People from occupied Palestine are actually teaching Ferguson protesters how to deal with tear gas via Twitter. "Always make sure to run against the wind", one woman advised. "The pain will pass". She also told protestors not to touch their faces if teargassed. "Instead, use milk or coke!"

It's ironic: the tear gas canisters being fired on Americans are likely the same ones that were recently used on Palestinians by the Israeli army. They were manufactured in the US . But we now rely on Palestinians to tell us how to wash away the effects of our own American weapons, with that most American of drinks: Coca-Cola.

There is something beautifully horrifying about all of this. I'm sure there is a baptism joke to be made in there somewhere, but I will instead point out that there are other connections to the colonial war.

It seems that in 2011, former Ferguson police chief Tim Fitch took a trip to Israel to study counter-terrorist tactics from the Israelis. This may seem like (to use an insensitive word) overkill, especially for the chief of such a small town, but he is not alone. The police chief of Cornell University, an Ivy League school in the tiny college town of Ithaca, NY, took a similar training trip a few months later. This was the first time a university police official received such training. What, exactly, are these small towns preparing for?

The oppressed stands with the oppressed. #Palestine stands with #Ferguson. Source: Twitter

Nobody is certain, but in the press release issued by the Ferguson police department, Fitch happily stated: "I am confident that this will be a unique learning experience offered nowhere else in the world."

Nowhere else, indeed.

But perhaps the most striking parallel thus far is a visual one, made in a simple collage entitled "The oppressed stands with the oppressed" that has been circulating on Twitter. On the bottom of the image, we see a young, masked Palestinian man throwing a bomb. In his other hand is a sling, used for throwing rocks.

And on the top is a young black man, in an American flag T-shirt. His dreadlocks flow in the air as he tosses back a still-burning teargas canister that was shot at him by police - all the while keeping a steady but gentle grip on an open bag of crisps.

The police are not the problem

US mass media was reluctant to report on Ferguson. For a while, the best information was disseminated via Twitter, and St Louis Alderman Antonio French's Vine account. That is, at one point, our most reliable source of information about Ferguson was a platform most of us use to watch 7-second videos of cats dancing to rap music. Or at least it was, until French was arrested.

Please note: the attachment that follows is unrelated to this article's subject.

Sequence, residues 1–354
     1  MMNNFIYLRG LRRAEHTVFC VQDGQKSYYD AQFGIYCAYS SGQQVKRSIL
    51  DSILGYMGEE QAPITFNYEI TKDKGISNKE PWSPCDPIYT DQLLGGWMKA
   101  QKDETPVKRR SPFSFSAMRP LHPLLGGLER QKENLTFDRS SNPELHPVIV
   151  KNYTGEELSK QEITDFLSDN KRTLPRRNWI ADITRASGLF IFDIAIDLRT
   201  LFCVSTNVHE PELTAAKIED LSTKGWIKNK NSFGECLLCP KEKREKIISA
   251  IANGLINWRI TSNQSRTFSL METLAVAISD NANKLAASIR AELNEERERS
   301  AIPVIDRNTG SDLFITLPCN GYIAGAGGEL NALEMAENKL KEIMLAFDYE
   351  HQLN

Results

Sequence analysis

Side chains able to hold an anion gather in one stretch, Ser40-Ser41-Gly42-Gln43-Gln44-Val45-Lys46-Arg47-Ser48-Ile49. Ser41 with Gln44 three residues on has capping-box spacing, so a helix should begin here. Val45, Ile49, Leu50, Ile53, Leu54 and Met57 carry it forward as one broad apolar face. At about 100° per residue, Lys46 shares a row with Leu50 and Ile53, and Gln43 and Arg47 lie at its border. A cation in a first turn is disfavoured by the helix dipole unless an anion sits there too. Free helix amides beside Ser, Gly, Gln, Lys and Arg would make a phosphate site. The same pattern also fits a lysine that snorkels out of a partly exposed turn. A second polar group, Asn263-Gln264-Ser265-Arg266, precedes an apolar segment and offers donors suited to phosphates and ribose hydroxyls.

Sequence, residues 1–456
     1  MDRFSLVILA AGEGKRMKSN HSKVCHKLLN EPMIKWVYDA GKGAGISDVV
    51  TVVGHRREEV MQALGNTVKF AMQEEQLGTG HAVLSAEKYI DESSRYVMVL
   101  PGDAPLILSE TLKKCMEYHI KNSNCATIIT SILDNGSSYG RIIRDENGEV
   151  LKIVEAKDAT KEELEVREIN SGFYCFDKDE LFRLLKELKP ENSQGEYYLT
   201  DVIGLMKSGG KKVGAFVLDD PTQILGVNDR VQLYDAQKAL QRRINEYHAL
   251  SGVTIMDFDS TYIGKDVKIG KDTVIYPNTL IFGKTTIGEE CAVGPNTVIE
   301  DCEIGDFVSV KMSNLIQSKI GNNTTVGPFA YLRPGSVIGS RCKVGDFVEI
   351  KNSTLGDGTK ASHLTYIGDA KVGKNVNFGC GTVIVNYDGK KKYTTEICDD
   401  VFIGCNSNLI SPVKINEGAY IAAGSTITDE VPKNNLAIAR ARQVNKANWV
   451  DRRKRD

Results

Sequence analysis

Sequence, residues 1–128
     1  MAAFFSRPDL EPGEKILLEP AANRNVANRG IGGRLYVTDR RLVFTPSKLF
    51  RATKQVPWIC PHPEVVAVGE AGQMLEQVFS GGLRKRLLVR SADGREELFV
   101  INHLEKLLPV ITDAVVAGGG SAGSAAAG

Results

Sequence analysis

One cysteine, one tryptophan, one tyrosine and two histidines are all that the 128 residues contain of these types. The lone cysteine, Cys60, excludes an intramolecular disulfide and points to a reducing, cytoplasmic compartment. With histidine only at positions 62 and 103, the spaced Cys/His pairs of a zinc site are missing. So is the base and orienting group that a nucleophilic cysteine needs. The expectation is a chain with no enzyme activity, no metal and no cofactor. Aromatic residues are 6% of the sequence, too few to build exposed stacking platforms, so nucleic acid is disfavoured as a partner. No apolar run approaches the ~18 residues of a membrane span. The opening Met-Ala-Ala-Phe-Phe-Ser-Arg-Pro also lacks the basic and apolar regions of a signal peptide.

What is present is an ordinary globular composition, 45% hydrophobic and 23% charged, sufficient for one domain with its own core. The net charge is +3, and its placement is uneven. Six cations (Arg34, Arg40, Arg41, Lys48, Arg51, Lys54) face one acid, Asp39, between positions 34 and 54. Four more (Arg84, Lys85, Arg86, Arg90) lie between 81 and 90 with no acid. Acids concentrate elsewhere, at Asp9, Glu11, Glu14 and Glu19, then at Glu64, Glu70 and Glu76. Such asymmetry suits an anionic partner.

Now that the mass media has finally arrived, it is able to simply condemn the police for overstepping their boundaries, and paint Ferguson as a chaotic warzone where a bit of collateral damage can't be helped. Yes, the behaviour of the police is unsettling, but what is truly terrifying is the lack of interest by so much of America's population.

We only need to look at the slow uptake of the mass media, and much of the public response to these incidents to see proof of this. Reactions seem to range from disinterest to mild annoyance. Comments sections are flooded with racist remarks.

We might be tempted to write these people off as simple trolls, but we have to remember that they are actual people  sometimes people with a good deal of political power. For example, Sunnyside, Washington Councilman Jason R Raines' first action after hearing about the Ohio Wal-Mart shooting was to take to Amazon's product review section and make a post making fun of the black man who had died only days ago. This is not unusual for him, as he also makes jokes about killing Mexicans and Arabs on his blog. What makes our elected officials display such a shameless, and terrifying disregard for human life?

We should be clear: What we are seeing in Ferguson and Ohio is not police versus citizens, or even police versus black people. It is America versus black people, or more accurately, it is America versus its own.

California-born, Tokyo-based Dexter Thomas, Jr is a scholar of hip-hop and contemporary culture at Cornell University. He is finishing his book on Japanese hip-hop this year.

Follow him on Twitter: @dexdigi

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The views expressed in this article are the author's own and do not necessarily reflect Al Jazeera's editorial policy.